Stanford law professor Pamela Karlan, who argued on behalf of two gay men who were fired, said even with that understanding, the law should apply in this case.
"When a employer fires a male employee for dating men, but does not fire female employees who date men, he violates Title VII," she said, referring to a provision of the 1964 law. "The employer has ... discriminated against the man because he treats that man worse than women who want to do the same thing. And that discrimination is because of sex."
Gorsuch said several times that he could accept the argument that firing a gay or transgender employee involved sex discrimination. When a lawyer defended an employer who allegedly fired a gay employee, Gorsuch said he did not see how sex played no role.
"Let's do truth serum, OK? Wouldn't the employer maybe say it's because this person was a man who liked other men? And isn't that first part sex?" Gorsuch asked. At the same time, he also voiced concern about what he called the "massive social upheaval" that might be caused by extending the law to LGBTQ workers.
It is the first significant gay rights case before the high court since Justice Brett M. Kavanaugh replaced the retired Justice Anthony M. Kennedy. Though a moderate conservative, Kennedy wrote all of the court's opinions upholding the rights of gays and lesbians, including the 2015 decision upholding the right to marry for same-sex couples. Kavanaugh said little during the arguments, so his views remain unclear.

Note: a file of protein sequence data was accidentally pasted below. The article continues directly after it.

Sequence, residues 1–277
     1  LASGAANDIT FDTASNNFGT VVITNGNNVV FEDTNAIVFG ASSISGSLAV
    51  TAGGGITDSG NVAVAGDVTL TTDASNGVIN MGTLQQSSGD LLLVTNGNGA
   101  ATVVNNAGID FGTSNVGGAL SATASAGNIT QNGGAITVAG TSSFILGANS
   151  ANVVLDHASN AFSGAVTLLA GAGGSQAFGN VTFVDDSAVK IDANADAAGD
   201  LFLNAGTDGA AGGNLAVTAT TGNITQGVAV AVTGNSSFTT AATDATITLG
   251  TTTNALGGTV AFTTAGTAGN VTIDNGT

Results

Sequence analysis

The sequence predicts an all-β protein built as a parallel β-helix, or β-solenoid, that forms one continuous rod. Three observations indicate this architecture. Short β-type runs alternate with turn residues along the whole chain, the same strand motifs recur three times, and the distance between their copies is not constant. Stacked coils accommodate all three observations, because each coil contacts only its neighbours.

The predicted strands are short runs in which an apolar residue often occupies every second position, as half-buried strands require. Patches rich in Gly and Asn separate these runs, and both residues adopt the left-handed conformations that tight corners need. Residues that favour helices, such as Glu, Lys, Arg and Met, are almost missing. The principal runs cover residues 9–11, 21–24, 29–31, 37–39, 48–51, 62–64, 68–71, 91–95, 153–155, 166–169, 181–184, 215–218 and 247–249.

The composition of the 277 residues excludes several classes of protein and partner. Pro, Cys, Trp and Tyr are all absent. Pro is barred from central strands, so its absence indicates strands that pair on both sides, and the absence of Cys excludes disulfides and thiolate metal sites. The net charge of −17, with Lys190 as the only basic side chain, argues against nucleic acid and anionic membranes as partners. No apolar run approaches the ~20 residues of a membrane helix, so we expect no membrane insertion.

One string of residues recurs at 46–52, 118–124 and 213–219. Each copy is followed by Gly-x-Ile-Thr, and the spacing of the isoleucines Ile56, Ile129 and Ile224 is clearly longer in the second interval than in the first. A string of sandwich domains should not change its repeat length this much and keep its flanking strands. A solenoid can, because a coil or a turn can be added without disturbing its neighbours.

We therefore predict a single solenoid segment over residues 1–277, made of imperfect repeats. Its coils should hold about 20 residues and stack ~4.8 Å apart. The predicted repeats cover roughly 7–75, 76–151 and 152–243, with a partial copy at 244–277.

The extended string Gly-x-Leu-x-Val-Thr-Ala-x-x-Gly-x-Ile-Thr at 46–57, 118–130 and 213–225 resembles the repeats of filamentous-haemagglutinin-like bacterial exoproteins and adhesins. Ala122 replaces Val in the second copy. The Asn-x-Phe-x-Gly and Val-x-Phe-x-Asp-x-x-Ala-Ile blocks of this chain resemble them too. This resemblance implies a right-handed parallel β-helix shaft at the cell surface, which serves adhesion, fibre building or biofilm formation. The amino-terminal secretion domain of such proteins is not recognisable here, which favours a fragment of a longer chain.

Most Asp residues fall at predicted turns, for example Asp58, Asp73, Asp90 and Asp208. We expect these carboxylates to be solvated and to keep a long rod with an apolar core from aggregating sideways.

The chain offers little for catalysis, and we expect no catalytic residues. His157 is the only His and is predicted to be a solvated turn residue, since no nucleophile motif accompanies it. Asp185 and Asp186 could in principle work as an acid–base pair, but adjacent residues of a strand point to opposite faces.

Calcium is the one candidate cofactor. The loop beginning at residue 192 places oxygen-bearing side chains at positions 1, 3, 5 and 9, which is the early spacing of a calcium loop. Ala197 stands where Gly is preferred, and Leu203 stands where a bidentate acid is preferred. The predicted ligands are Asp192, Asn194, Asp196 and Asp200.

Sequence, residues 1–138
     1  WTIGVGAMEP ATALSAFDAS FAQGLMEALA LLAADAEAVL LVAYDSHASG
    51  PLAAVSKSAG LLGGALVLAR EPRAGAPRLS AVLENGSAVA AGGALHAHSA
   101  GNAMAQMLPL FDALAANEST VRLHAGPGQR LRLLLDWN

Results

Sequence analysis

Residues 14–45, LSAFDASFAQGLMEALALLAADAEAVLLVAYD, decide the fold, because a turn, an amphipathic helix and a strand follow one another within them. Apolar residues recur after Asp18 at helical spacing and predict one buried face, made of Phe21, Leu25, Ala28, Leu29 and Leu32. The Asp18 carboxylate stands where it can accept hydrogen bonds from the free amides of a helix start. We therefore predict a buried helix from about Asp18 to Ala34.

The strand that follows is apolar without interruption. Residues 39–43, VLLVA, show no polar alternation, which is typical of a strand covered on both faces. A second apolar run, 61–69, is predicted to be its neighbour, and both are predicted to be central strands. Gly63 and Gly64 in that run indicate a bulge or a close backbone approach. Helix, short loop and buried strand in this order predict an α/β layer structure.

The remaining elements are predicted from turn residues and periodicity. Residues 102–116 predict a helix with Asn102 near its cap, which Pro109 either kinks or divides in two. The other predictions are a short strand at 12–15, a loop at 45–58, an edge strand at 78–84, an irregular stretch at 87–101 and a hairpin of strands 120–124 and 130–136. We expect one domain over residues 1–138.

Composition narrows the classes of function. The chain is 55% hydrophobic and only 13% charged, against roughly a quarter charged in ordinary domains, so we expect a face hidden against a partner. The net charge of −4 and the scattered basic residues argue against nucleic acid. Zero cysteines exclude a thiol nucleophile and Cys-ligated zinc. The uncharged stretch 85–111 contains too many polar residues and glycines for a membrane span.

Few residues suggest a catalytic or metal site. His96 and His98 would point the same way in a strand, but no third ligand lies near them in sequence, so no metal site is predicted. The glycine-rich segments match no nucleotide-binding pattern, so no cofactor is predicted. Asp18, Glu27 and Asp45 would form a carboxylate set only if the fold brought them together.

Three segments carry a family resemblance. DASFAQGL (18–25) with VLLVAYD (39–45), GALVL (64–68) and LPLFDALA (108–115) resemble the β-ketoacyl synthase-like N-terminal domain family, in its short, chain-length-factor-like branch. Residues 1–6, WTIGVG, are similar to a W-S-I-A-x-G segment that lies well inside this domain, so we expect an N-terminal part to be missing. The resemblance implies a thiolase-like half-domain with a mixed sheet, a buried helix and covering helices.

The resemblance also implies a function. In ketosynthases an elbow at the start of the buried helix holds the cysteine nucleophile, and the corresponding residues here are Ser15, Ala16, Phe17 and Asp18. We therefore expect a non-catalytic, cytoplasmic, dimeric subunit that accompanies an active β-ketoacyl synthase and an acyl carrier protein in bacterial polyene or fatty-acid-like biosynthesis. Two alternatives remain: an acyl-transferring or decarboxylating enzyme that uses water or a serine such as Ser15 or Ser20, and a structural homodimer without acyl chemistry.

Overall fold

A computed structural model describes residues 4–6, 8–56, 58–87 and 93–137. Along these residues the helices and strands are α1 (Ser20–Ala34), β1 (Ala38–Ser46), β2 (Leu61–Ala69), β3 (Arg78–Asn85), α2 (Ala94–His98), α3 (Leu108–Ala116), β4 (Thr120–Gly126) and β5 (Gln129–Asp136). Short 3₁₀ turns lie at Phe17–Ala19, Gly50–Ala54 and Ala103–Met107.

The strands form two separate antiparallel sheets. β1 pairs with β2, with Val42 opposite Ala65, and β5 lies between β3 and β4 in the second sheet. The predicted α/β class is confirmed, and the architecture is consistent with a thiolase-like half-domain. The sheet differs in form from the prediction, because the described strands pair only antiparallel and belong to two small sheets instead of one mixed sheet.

At present, federal anti-discrimination laws do not protect gays, lesbians or transgender workers. The House under Democratic control passed the Equality Act in May to amend the Civil Rights Act and to prohibit discrimination on the basis of "sexual orientation, gender identity, pregnancy (or) childbirth." But the measure is stalled in the Republican-controlled Senate.
California and 21 other states forbid discrimination based on sexual orientation, and several other states have such protections for public employees. But there are few such protections in the South and much of the Midwest and Great Plains.
The justices heard arguments in three cases: two involving gay men and one involving a transgender woman.
Gerald Bostock said he was fired from his position as a child welfare services coordinator in Clayton County, Ga., not long after he joined a gay softball league. He appealed in Bostock v. Clayton County after his discrimination suit was tossed out.
In 2010, Donald Zarda was fired from his job as a sky-diving instructor in New York after jokingly assuring a woman customer she had nothing to fear from being strapped to him in the air because he was gay. He later died in an accident, but his sister has pursued his suit in Altitude Express v. Zarda.
Aimee Stephens said she was fired from her job at a family-run funeral home in Detroit after she returned from a vacation as a woman. The EEOC sued on her behalf, but the court will hear the employer's appeal in R.G. & G.R. Harris Funeral Homes v. EEOC.
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GRAPHICS (for help with images, contact 312-222-4194): 20191008 Gay evolution, 20191008 LGBTQ work rights